BEIJING -- Chinese President Xi Jinping and Japanese Prime Minister Shinzo Abe vowed Friday to elevate bilateral relations to the next level to usher in a new era of cooperation.
The two countries should move bilateral relations in a "new historic direction," at a time when "instability and uncertainties are growing" across the globe, Xi told Abe at the beginning of their roughly 80-minute summit at the Diaoyutai State Guesthouse in Beijing.
"As partners, Japan and China will not become a threat to each other," Abe said in response. "We must develop a free and fair trading system."
The prime minister said he hopes to "take bilateral relations to a new era, from competition to cooperation."
Abe's trip marks the first official visit to China by a sitting Japanese leader for bilateral meetings in seven years.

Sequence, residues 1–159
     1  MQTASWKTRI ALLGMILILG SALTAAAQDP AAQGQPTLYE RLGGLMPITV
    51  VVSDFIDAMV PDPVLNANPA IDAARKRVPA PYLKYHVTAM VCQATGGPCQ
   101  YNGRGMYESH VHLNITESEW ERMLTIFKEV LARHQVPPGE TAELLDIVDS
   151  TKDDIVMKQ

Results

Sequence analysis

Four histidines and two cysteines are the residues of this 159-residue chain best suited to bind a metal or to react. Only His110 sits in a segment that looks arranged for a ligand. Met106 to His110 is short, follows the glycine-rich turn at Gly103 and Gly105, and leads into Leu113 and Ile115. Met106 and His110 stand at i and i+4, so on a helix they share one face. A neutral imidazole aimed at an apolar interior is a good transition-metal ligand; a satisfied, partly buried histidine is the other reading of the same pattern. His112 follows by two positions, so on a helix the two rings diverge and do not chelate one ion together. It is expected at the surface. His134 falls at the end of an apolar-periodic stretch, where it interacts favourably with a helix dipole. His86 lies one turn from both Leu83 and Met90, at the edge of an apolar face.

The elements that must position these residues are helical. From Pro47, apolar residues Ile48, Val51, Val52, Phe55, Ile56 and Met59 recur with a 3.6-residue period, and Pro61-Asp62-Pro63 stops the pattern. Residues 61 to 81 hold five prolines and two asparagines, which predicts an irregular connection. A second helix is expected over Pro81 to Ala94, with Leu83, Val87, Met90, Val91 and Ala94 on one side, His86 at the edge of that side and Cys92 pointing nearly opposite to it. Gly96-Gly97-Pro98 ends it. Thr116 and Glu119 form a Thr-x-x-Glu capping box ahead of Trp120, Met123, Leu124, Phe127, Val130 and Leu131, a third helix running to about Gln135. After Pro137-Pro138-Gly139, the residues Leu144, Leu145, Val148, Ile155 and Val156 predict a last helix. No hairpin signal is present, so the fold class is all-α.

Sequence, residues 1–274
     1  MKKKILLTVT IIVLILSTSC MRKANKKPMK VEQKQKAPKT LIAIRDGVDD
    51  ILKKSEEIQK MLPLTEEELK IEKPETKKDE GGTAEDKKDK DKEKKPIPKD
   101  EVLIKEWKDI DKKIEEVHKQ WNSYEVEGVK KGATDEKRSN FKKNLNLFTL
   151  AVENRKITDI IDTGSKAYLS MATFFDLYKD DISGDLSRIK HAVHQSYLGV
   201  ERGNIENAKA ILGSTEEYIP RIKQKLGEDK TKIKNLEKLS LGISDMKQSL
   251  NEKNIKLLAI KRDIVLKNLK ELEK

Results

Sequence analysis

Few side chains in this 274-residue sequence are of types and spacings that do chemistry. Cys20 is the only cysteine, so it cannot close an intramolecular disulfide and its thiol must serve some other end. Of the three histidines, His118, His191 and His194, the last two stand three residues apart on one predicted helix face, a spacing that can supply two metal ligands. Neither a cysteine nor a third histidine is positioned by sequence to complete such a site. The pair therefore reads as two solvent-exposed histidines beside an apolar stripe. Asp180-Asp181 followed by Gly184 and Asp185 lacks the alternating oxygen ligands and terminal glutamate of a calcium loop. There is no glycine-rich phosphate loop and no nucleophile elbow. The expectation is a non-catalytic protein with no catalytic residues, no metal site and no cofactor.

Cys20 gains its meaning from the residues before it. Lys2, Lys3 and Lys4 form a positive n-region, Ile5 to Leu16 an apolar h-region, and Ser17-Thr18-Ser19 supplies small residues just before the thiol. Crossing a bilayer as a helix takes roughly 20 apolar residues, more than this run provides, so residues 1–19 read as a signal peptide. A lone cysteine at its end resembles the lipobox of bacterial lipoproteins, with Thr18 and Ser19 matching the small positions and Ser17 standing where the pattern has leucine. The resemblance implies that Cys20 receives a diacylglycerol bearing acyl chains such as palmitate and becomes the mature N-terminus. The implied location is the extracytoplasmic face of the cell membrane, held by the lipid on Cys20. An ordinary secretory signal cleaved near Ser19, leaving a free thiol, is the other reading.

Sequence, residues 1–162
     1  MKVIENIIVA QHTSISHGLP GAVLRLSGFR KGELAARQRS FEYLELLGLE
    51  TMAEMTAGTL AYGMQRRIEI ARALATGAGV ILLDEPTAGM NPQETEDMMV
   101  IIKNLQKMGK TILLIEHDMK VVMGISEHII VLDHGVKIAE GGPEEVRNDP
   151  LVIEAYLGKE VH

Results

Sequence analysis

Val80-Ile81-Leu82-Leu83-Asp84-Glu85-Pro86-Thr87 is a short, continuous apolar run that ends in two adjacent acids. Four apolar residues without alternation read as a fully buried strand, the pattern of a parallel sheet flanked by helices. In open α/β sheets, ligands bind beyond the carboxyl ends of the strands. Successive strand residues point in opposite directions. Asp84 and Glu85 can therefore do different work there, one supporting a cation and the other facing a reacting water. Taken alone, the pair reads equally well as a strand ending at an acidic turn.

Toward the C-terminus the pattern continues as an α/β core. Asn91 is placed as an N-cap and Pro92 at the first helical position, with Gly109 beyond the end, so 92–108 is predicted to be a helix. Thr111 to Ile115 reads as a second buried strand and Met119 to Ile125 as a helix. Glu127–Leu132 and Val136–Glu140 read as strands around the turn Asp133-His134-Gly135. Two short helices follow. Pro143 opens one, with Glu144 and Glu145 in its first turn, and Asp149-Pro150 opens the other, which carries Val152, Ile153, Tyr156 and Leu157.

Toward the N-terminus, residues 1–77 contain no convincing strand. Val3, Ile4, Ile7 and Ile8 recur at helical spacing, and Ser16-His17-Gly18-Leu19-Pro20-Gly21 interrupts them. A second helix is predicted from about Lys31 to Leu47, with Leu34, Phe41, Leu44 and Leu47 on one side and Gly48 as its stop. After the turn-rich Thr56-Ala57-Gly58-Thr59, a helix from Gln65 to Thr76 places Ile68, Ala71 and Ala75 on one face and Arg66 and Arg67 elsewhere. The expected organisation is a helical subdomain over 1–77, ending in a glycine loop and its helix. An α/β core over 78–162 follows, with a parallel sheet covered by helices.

Abe invited Xi to visit Japan next year, an offer the Chinese leader is "seriously considering," according to Tokyo. If he accepts, Xi would be the first Chinese president to visit Japan since Hu Jintao in 2008.
The meeting would likely take place at the end of June, before or after the G-20 summit in Osaka. Details on the timing will be discussed later.
Earlier in the day, Abe met with Chinese Premier Li Keqiang in the Great Hall of People in Beijing.
"Switching from competition to collaboration, I want to lift Japan-China relations to a new era," Abe said during the initial remarks of the meeting. "Japan and China are neighbors and partners. We will not become a threat to each other."
Abe also said that Japan wants to work with China to "develop free and fair trading relations," and added that "Premier Li and I have confirmed these principles."
With relations returning to a normal track, responded Li, Beijing "would like to achieve win-win outcomes" for the two countries.
After the meeting Abe and Li signed a raft of agreements covering a wide range of initiatives, from easing maritime tensions to cooperation in energy, infrastructure development and technology